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Strengthening the evidence for maternal and child health programs

Search Results: MCHLine

Items in this list may be obtained from the sources cited. Contact information reflects the most current data about the source that has been provided to the MCH Digital Library.


Displaying records 1 through 6 (6 total).

Poisson S. n.d.. Maternal and Child Health Cooperative Agreement [Final report]. Rockville, MD: Reginald S. Lourie Center for Infants and Young Children, 52 pp.

Annotation: The goal of this project was to develop and implement comprehensive and family-centered approaches to early identification, assessment, and treatment of infants and young children who are at risk for or suffering from emotional and/or regulatory difficulties. To this end, the Regional Center for Infants and Young Children: (1) Monitored types of families and children referred to and receiving services from an agency specializing in the early detection of emotional disorders or potential risk; (2) developed principles and technology to identify infants and young children/families at risk for psychosocial and developmental difficulties; (3) developed comprehensive, family-centered approaches to assessment and diagnosis; (4) developed prevention-oriented, family-centered approaches to intervention; (5) developed and disseminated technical assistance and training approaches; (6) engaged State and local maternal and child health (MCH) agencies in the project; and (7) accessed multiple financial resources to support its efforts. [Funded by the Maternal and Child Health Bureau]

Contact: National Technical Information Service, U.S. Department of Commerce, 5301 Shawnee Road, Alexandria, VA 22312, Telephone: (703) 605-6050 Secondary Telephone: (888) 584-8332 E-mail: customerservice@ntis.gov Web Site: http://www.ntis.gov Document Number: NTIS PB93-158236.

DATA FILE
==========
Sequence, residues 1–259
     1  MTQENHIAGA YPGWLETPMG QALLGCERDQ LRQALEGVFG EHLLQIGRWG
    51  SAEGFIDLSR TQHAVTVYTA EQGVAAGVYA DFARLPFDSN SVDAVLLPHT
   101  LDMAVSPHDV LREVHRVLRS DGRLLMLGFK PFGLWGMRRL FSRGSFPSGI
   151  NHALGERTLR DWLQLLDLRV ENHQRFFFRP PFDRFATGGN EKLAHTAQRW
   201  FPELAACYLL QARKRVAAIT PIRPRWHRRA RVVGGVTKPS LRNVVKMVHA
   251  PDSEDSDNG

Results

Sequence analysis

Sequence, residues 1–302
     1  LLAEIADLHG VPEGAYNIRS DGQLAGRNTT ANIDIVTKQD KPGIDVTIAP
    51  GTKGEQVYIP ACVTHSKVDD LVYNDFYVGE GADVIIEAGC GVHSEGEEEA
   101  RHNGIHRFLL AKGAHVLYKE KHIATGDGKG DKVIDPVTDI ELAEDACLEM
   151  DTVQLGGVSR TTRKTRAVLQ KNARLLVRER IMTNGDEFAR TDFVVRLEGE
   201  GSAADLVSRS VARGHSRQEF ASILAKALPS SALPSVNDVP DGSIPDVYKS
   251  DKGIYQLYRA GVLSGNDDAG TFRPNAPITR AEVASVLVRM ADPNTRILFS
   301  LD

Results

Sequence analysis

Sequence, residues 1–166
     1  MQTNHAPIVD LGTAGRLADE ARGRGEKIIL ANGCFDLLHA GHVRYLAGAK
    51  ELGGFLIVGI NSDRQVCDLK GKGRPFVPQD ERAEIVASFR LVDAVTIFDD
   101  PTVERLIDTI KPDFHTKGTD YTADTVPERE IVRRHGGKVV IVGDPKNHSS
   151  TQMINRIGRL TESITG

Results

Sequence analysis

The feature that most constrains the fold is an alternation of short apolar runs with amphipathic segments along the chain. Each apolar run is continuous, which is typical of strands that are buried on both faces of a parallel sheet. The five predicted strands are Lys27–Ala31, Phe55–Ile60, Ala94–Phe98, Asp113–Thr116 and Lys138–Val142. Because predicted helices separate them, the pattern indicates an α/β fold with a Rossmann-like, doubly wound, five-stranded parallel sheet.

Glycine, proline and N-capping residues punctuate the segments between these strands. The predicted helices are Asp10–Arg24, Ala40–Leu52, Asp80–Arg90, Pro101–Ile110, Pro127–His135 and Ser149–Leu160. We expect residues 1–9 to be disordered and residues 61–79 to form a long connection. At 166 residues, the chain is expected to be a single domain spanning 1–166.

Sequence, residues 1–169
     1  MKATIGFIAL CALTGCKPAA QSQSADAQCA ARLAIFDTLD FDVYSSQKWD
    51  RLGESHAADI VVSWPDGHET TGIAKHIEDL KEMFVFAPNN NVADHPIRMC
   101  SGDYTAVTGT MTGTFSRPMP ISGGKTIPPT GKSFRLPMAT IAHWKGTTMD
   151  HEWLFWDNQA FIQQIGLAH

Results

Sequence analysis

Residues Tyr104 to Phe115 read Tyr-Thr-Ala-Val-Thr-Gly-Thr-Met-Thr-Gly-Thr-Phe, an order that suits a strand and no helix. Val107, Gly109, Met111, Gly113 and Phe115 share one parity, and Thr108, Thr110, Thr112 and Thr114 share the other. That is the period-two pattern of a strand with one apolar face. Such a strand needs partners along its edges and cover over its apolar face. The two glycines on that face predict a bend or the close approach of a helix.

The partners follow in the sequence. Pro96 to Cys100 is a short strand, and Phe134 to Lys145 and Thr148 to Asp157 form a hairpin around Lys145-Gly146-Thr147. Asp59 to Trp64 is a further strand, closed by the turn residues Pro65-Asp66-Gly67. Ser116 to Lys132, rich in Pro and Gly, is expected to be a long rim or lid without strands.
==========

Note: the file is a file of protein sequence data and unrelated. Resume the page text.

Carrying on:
Keywords: Affective Disorders, Behavioral Disorders, Data Collection, Family-Centered Health Care, High risk groups: Families, High risk infants, Parents, Regulatory Disorders, Screening Tools, Temperament

Allard LT, Hunter A. 2010. Understanding temperament in infants and toddlers. Nashville, TN: Center on the Social and Emotional Foundations for Early Learning, (What works brief series, issue 23)

Annotation: This policy brief, which is geared toward caregivers of young children and families with young children, provides information about temperament in young children. It explains what temperament is; lists different types of temperament; and discusses why temperament is important, developing goodness of fit, and using knowledge about temperament to promote positive social-emotional development and behavior. A case study involving one child and her adjustment to a new home child care environment is included. A handout that care providers can use to understand their own temperament and that of the children in their care is also available.

Contact: Center on the Social and Emotional Foundations for Early Learning , Vanderbilt University, Box 328 GPC, Nashville, TN 37203, Telephone: (615) 322-3978 Secondary Telephone: (866) 433-1966 Fax: (615) 343-1570 E-mail: Web Site: http://www.vanderbilt.edu/csefel Available from the website.

Keywords: Child behavior, Child care, Child care workers, Early childhood development, Emotional development, Families, Temperament, Young children

Fish M. 2001. Infant Temperament: Neonatal–5 years in Rural Appalachia: [Final report]. Huntington, WV: Marshall University, 34 pp.

Annotation: This is a continuation of an earlier funded project on infant temperament. Two research questions were addressed in this study. First, what continuity exists between (1) certain temperament and mother-infant relationship qualities in infancy, and (2) both preschool behavior problems and early school adjustment? Second, how do environmental factors such as poverty and low parental education levels, cultural values regarding education and achievement, and individual differences in temperament and mother-child relations interact to influence early school adjustment and performance? [Funded by the Maternal and Child Health Bureau]

Contact: National Technical Information Service, U.S. Department of Commerce, 5301 Shawnee Road, Alexandria, VA 22312, Telephone: (703) 605-6050 Secondary Telephone: (888) 584-8332 E-mail: customerservice@ntis.gov Web Site: http://www.ntis.gov Document Number: NTIS PB2002-101954.